Prof Caron Beaton-Wells comments on ACCC loss in unconscionability case

Supermarket unconscionability – the difference two years can make. 

Professor Caron Beaton-Wells, University of Melbourne

2016 ended on a very different note to 2014 insofar as the ACCC’s ongoing unconscionability campaign against the big supermarkets is concerned.

On the eve of Christmas 2014, the ACCC celebrated what it hailed a ‘landmark victory’ in a case against Coles alleging unconscionability in its treatment of suppliers. The retailer settled the action, making admissions, paying a fine of $10 million and subsequently instigating a scheme to compensate suppliers to the total tune of $12.3 million.

A year later the consumer watchdog launched proceedings against Woolworths alleging unconscionability in respect of largely similar conduct. In both cases, the retailers were charged with demanding uncontracted or illegitimate payments from suppliers, accompanied by tight deadlines for response and threats of escalation and ultimately adverse commercial repercussions should the supplier not comply.

In both instances, consistent with the terms of the relevant legislative provisions, it was alleged that this conduct was unconscionable given the relative strength of the supermarket’s bargaining position and the undue pressure applied in the negotiations in question.

Just last week, the Federal Court handed the consumer watchdog a stinging defeat in its proceeding against Woolworths. The retailer’s ‘Mind the Gap’ scheme (a phrase strangely redolent of the London subway and hence possibly the inspiration of UK imports amongst Woolworths’ staff) was held by Justice Yates not to be unconscionable because, in effect, it involved conduct that was not qualitatively different to conduct that occurs in the normal course of Woolworths’ and indeed any supermarket’s dealings with its suppliers.  Yates J accepted Woolworths’ primary contention that:

‘from the perspective of any individual supplier who was contacted as part of the Mind the Gap scheme’, the experience would have been no different to any ordinary negotiation that the supplier might have had with Woolworths.’

Not surprisingly, the outcome provoked some strong reactions.


From a defiant ACCC Chairman, despite the finding of legality: a description of the conduct as an ‘unfortunate way to do business’ and ‘not the sort of business behaviour I am used to, having spent 20 years in the private sector’. And, in the cursory media release announcing the judgment, a promise ‘to continue to take enforcement action where appropriate, particularly in relation to supply chain issues’.

From the head of the peak supplier organisation, the AFGC: a more strongly worded observation that ‘it would be pretty appalling if it (the judgment) were seen as a green light to do the same thing again’ and an associated warning that it too would be continuing to keep ‘a close eye’ on supplier relationships.

Comment on the judgment at this stage may be premature given that the ACCC may appeal and undoubtedly will be carefully considering its prospects in that regard. Without access to all the evidence and submissions, or an inside insight into the case theory and forensic strategy of the parties, any such comment will also inevitably necessitate a degree of speculation.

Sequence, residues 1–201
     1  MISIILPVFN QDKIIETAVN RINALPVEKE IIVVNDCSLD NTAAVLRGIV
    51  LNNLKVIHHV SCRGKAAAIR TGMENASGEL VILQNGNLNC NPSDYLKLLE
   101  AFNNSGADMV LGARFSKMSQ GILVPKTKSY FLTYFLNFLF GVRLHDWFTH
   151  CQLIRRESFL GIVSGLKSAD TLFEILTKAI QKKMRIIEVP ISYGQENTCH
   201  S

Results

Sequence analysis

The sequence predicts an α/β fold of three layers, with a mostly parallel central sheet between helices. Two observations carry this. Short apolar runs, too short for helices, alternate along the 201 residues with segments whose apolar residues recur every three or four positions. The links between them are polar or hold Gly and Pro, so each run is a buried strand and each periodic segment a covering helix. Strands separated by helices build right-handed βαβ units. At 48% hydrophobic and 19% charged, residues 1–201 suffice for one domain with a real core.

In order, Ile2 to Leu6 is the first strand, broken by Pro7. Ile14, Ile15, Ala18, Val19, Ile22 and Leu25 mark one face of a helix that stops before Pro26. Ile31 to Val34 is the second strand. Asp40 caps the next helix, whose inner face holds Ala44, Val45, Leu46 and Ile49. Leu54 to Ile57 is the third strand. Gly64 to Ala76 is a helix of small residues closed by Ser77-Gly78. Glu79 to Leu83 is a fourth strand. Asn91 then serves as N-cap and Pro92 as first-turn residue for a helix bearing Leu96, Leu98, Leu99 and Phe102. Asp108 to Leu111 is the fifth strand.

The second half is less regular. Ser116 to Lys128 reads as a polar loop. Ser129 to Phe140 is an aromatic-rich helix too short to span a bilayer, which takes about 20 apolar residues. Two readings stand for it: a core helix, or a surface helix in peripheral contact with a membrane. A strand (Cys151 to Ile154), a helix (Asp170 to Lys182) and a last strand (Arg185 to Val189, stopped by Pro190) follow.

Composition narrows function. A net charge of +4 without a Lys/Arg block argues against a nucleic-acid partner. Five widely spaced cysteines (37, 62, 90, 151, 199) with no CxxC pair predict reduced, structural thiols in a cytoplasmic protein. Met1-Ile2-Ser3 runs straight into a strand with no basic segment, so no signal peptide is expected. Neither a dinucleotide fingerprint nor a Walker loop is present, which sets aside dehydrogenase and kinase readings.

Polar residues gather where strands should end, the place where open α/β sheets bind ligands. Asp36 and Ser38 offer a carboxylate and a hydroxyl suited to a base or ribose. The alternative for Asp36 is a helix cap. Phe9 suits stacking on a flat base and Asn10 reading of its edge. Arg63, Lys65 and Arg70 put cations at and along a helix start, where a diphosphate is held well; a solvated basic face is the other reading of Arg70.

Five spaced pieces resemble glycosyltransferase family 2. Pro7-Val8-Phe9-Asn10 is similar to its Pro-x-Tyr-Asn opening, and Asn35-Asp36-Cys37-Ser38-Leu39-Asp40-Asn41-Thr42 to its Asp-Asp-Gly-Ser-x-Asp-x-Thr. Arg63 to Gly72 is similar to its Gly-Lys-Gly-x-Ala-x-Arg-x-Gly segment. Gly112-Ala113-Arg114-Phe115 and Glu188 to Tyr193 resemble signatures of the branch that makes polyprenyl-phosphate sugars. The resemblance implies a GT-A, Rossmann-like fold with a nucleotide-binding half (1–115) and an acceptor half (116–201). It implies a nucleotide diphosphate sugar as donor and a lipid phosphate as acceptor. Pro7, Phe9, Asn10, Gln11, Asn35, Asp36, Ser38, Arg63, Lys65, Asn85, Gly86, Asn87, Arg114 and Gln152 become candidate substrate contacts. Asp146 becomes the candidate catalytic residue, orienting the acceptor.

But caveats aside, given its significance in the context of the longstanding controversies and law reform debates relating to supermarket power in this country, some comment is arguably warranted, even if qualified.

Woolworths - Chadstone Shopping Centre

Woolworths - Chadstone Shopping Centre By Alpha [CC BY-SA 2.0], via Wikimedia Commons


How is the outcome in the Woolworths’ case to be explained? Four possible explanations spring to mind. They should be seen neither as mutually exclusive nor as exhaustive.

ACCC case theory and forensic strategy?

First, the outcome is attributable at least in part to the way in which the ACCC framed the case and presented its evidence.  This too may explain the difference in outcome to the Coles’ proceeding (in respect of which it should also be borne in mind that the case was settled and hence, none of the evidence was heard and tested).

In the Woolworths judgment, Yates J repeatedly emphasised that the Commission’s case was based on the design and implementation of a broadly-based scheme.  Unlike the Coles’ action, it was not based on specific dealings with particular suppliers.

This difference in framing could explain why the ACCC chose to rely solely on documentary evidence and did not call any witnesses. Nevertheless, it was a feature of the evidence that attracted at least implicit criticism from the judge. Not only was the documentary record itself seen as incomplete, but there was no oral testimony to assist in its interpretation or to enable appreciation of the practical impact of the scheme on individual suppliers. In cruder terms, Yates J did not get the chance to eyeball (and potentially sympathise) with the victims.

There may have been several reasons why the ACCC adopted this strategy in formulating its case.  As pointed out already on The Conversation, the Commission may have consciously sought to establish a pattern of conduct or business model as unconscionable, as distinct from ad hoc instances of dealings between individual buyers and suppliers.

Perhaps more to the point though, the ACCC would have had difficulty persuading suppliers to testify. Supplier reluctance to speak out against their largest customers for fear of commercial retribution is well documented. While it has powers to compel testimony such action does not guarantee that the account given in court will be as robust as or consistent with the account given to counsel behind closed doors.  The ACCC faced the same risk in the Coles’ case.

Judicial subjectivity?

Second, some may attribute the outcome to differences in the viewpoints of the judges who presided over the Coles and Woolworths’ cases respectively. In the former, Gordon J (now on the High Court) did not mince words in condemning Coles’ conduct as ‘serious, deliberate and repeated… [as] contrary to conscience... not consistent with acceptable business and social standards which apply to commercial dealings.’